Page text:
NRL Grand Final
The NRL Grand Final has been held at Stadium Australia in Sydney every year since 1999 and is held on a generally balmy Sunday evening, usually in the first Sunday in October. In that first Stadium Australia encounter, the Melbourne Storm defeated St. George-Illawarra in front of an impressive crowd of 107,999.
What we now know as the NRL was formerly known as the ARL, Super League, NSWRFL and NSWRL.
The night Johnathan broke hearts, and wallets (including ours…)
NRL Grand Final History
10 interesting facts about the greatest day on the NRL calendar!
- The last seven NRL Grand Finals have been won by different teams.
- In 2008, Manly recorded the greatest ever Grand Final win, defeating the Melbourne Storm 40-0.
- That Melbourne Storm team (in fact #2) was one of just seven teams to finish the Grand Final scoreless, and the first since St. George in 1975.
- Ben Cummins has refereed in four of the last five Grand Finals, missing only the 2013 Final.
- The Melbourne Storm won the Grand Final in 2007 and 2009, however had both Premierships stripped after being found guilty of salary cap breaches.
- The last two NRL Grand Finals have been nail-biters, with Cronulla defeating Melbourne by just 2 points in 2016, and North Queensland winning a one-point thriller against the Brisbane Broncos the year before. (Ben Hunt with the dropped catch….gulp!)
- The Melbourne Storm made the Grand Final again in 2012 but got to keep that pennant this time around, defeating Canterbury 14-4.
- The NRL moved to a more scenic night Grand Final in 2001, with Newcastle defeating Parramatta 30-24 under lights.
- In 2014, the South Sydney Rabbitohs ended a 43-year premiership drought beating Canterbury 30-6, while being cheered on by part-owner, and part-gladiator, Russell Crowe.
- 2016 was the Cronulla Shark’s 50th season in the league, and they celebrated by winning their first ever premiership.
Popular NRL Grand Final Betting Types
Punters can bet on the NRL Premiership throughout the season, but the best value options can be found on the week of the big game, unless you know a good thing earlier in the season.
Margin betting is available, with punters being able to select the winning margin of under 12 points, or 12 or more points. Four of the last five NRL Grand Final’s have been decided by 10 points or less, making a close match the likely result and a good bet for those that like a trend.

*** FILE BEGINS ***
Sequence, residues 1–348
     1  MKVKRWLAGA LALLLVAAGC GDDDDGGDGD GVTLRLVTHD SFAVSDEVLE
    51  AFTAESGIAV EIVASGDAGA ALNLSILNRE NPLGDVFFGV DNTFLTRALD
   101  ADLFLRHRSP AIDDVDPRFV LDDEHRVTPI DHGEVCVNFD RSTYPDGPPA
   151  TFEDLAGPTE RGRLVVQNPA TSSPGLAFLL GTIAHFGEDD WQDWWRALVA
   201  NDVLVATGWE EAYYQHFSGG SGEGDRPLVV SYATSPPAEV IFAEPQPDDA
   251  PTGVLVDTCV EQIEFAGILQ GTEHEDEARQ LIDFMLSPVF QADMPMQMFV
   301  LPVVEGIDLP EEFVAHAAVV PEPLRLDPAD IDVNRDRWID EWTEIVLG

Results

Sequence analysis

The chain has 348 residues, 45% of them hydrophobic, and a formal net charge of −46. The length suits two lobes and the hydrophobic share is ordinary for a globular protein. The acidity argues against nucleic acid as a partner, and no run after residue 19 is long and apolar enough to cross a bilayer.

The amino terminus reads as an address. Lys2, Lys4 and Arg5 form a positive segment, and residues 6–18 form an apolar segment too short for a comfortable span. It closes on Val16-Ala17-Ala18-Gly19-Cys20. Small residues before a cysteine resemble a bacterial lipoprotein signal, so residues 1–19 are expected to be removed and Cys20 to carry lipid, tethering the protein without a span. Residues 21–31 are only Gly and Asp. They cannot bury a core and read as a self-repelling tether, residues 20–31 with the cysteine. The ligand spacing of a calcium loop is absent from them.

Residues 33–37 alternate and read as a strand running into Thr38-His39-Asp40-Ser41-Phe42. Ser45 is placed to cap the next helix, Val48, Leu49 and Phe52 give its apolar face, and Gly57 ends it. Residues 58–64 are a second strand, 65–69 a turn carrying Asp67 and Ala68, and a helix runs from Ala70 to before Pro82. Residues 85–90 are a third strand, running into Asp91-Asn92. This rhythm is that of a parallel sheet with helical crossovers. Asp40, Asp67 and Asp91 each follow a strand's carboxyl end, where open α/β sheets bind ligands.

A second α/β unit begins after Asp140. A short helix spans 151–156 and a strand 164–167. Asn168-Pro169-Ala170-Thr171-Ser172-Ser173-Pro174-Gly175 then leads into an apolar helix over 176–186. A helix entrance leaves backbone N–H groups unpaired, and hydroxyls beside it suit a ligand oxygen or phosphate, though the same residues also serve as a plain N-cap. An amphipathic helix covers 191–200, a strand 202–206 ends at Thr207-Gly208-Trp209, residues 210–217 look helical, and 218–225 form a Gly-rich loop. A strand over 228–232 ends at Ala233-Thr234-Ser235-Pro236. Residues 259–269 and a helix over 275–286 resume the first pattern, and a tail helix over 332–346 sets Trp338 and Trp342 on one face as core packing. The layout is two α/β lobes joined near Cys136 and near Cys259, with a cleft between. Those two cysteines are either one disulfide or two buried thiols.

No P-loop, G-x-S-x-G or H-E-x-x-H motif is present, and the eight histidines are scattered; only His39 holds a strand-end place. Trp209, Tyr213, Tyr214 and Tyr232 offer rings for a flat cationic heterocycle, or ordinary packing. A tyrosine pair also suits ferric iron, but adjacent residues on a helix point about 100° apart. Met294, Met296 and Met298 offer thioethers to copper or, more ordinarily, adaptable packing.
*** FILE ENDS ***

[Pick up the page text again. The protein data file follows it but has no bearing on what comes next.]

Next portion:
The First Try Scorer is another popular bet, with double-figure odds available on most players.
Past 5 NRL Grand Final Winners
2016 – Cronulla Sharks 14 defeated Melbourne Storm 12 – a tight, low scoring game in front of 83,625 saw Cronulla win their first ever pennant, in only their fourth Grand Final showing in 50 years. The game saw tries traded throughout the first 70 minutes, before James Maloney converted an Andrew Fifita try in the 71st minute which proved to be the difference. Luke Lewis took home the Clive Churchill medal for the best player in the Grand Final.
2015 – North Queensland defeated Brisbane Broncos 17-16 – the first ever decider between two Queensland teams finished in extra time, with Cowboys leader Johnathan Thurston capping off a best-on-ground performance with a field goal decider. After an entertaining first half in which both sides scored two tries, the teams locked in defensively in the final minutes in an enthralling encounter worthy of the big stage. Thurston had missed a chance to win the game as time expired in the second half, but didn’t need to wait long to make amends, slotting through the winner not long after..
2014 – South Sydney defeated Canterbury 30-6 – the Rabbitohs were fan favourites, having not made the Final since 1971. They came into the finals as strong favourites, and delivered despite a slow start. The scores were tied at 6-6 after Tony Williams scored a converted try for Canterbury, but South Sydney ran off four unanswered tries to run out the game in convincing style. Clive Churchill medal winner Sam Burgess fractured his cheekbone on the opening set of the game, making his effort even more impressive.
2013 – The Sydney City Roosters defeated Manly 26-18 – the Roosters were the minor premiers and carried that form into the Grand Final, coming from behind in gutsy fashion to defeat Manly. After the Sea Eagles built an 18-8 lead after 50 minutes, the Roosters came home with three converted tries as Manly halfback Daly Cherry-Evans led a brave effort, winning the Churchill medal in a losing effort.
2012 – Melbourne Storm defeated Canterbury Bulldogs 14-4 – Melbourne played their fifth Grand Final in seven years and won a low scoring affair on the back of an impressive defensive show. The Final never reached any great heights. Melbourne broke out to lead by 10 points with a try on the siren of half-time after which time a scoreless second half played out. Melbourne Storm superstar Cooper Cronk won his first Churchill medal for his efforts.
Past 5 Clive Churchill Medallists
2016 – Luke Lewis (Cronulla Sharks)
2015 – Johnathan Thurston (North Queensland Cowboys )
2014 – Sam Burgess (South Sydney Rabbitohs)
2013 – Daly Cherry-Evans (Manly Sea Eagles)
2012 – Cooper Cronk (Melbourne Storm)
Who won the most premierships
The Brisbane Broncos are the only team to have won three NRL Grand Finals, taking home the silverware in 1998, 2000 and 2006. The Storm have won two (legitimate…) NRL Premierships, as have the Sea Eagles and Roosters. The evenness of the competition is borne out in the fact that 12 different teams have shared the trophy in 19 years of the competition. Of those that haven’t won the title in that time, the Parramatta Eels and New Zealand Warriors have made the Grand Final.